St Kilda: Please stay away from our ‘amazing’ island

By on July 27, 2020 0
Normally buzzing with visitors at this time of year, Village Bay on Hirta, St Kilda, remains almost deserted with tourists urged to stay away. IPC: Creative Commons.

But people have been urged not to travel to St Kilda as the lockdown eases to protect the bubble of island life.

The National Trust for Scotland, which owns the archipelago, said it appreciates that many people want to visit the island, which is 40 miles west of its closest neighbor in the Outer Hebrides, but the time had not come to do so.

A statement said: ‘While we understand the call to visit this incredible World Heritage Site is strong, we ask people not to travel until further notice.

“However, if you are visiting, please take home whatever you bring with you.”

NTS has closed the toilet blocks, shop and campsite with the jetty also closed except for emergencies.

Julie Hunt, chair of the St Kilda Club, which promotes and supports the conservation of the dual UNESCO heritage site, said the safety of NTS staff was the driving force behind the decision to keep the island locked down as much as possible.

NTS usually has three people stationed on the island over the summer, including an archaeologist, but the conservation charity has kept staff out of St Kilda for the time being.

Ms Hunt said: ‘Obviously the island is not closed per se given the roaming right so the island is open but NTS has closed the pier, museum and shop.

“It doesn’t matter if you have a day boat and you sail and then come back to the mainland.

“But we really don’t want to be in a position where you have an NTS staff member and someone comes to the island, coughs and sputters on them and infects them.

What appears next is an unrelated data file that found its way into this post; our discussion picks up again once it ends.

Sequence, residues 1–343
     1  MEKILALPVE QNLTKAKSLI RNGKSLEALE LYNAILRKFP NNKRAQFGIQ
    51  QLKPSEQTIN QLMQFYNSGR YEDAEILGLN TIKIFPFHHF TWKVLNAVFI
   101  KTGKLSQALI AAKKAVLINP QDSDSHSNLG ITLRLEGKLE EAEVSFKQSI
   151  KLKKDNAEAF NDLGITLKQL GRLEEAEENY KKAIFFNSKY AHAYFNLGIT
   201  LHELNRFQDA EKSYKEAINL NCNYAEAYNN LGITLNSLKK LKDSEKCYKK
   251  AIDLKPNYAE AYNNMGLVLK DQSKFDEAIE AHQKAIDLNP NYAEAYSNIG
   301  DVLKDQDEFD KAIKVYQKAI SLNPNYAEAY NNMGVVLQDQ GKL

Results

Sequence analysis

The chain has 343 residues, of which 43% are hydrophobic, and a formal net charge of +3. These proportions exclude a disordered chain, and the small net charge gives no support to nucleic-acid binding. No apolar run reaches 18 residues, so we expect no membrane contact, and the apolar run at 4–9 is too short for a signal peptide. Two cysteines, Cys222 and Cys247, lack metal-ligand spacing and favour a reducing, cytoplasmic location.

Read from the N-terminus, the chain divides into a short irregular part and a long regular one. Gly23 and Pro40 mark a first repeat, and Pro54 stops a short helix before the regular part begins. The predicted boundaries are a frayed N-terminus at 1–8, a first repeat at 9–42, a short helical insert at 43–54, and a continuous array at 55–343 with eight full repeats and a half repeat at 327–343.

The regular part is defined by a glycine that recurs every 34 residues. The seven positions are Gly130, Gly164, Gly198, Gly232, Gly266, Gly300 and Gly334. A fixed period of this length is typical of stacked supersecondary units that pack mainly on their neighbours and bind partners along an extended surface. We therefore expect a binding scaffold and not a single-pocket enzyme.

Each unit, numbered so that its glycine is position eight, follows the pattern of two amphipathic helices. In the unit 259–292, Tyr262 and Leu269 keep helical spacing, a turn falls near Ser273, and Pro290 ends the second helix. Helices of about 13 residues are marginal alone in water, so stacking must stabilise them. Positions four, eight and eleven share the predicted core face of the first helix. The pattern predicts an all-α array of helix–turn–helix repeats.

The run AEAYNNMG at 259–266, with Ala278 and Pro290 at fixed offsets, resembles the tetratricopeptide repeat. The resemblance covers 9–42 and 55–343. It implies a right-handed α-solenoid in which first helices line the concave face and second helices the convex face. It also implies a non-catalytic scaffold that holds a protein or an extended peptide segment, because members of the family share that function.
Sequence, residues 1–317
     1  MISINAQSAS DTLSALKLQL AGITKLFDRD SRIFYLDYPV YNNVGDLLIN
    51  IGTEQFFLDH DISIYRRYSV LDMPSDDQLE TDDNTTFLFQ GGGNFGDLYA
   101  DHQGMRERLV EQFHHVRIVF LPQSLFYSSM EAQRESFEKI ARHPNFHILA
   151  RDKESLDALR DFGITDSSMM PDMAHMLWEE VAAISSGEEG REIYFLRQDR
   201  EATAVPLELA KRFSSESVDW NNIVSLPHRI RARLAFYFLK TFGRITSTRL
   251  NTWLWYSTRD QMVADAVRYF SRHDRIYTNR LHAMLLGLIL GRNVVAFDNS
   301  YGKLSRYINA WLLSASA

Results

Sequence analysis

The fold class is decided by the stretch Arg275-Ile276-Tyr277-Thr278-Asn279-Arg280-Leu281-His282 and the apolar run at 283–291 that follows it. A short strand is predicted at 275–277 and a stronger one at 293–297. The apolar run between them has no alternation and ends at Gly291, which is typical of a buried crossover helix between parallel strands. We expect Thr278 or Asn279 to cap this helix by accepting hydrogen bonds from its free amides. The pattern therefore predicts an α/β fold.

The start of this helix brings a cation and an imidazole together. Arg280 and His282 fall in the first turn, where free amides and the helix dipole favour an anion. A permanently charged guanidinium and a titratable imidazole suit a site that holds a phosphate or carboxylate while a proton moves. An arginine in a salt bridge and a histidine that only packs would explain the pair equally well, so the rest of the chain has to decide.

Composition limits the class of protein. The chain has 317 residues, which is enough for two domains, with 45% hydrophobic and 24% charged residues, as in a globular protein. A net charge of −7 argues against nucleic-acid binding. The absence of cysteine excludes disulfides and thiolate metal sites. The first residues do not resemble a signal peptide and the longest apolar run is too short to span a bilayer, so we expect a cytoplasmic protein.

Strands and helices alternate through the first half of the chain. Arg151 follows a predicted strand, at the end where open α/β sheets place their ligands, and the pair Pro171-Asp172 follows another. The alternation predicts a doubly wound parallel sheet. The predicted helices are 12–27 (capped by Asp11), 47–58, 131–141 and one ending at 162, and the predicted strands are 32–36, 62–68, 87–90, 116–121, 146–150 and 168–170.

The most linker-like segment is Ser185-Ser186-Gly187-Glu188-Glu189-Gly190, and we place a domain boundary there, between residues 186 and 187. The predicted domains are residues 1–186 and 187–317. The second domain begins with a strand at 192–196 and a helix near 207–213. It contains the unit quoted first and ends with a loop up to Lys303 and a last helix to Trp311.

“Getting someone off the island when they’re sick isn’t easy, it’s coastguard work, and calling the coastguard is very expensive.

“And then, where are they going to go? Well Stornoway, and we know they’ve said before that they’re very suspicious of people visiting the island.

“It all comes from a security perspective.”

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What it’s like to live in St Kilda

Researchers from the St Kilda Soay Sheep Project, which has carried out an ongoing study of the rare breed on the island since 1985, remain on the sidelines.

Meanwhile, around 20-30 personnel remain at the Ministry of Defense base in St Kilda.

Ms Hunt added: “We also have to think about the people on the base. We really don’t want people to come to the island, then there’s a virus outbreak there. »

Ms Hunt said the St Kilda Club had offered financial support to NTS, who are currently trying to bridge a £28m funding shortfall given the loss of income caused by the pandemic, should help be needed to reopen the island.

“They know they can come to us,” said Ms Hunt, with the club raising its funds through member subscriptions and sales from the island shop.

Next month will mark the 90th anniversary of the evacuation of the last permanent residents of St Kilda.

It is understood that a program of events on the island was being drawn up by NTS to mark the occasion, with planning now on hold due to coronavirus.

Ms Hunt said the club was now working to bring the celebration of St Kildan’s life and legacy online, with a range of musicians and speakers, including direct descendants of those who left St Kilda on August 29, 1930, due to participate in the afternoon event.

The evacuation operation for the last 36 residents of St Kilda began at 5am that day, with the last islanders leaving three months after appealing to the government for help.

The population had fallen to 90 by 1764. Emigration to Australia and an influenza epidemic in 1912 had reduced the number of islanders to an unsustainable level, with eight or nine widows among the 23 adults who remained.

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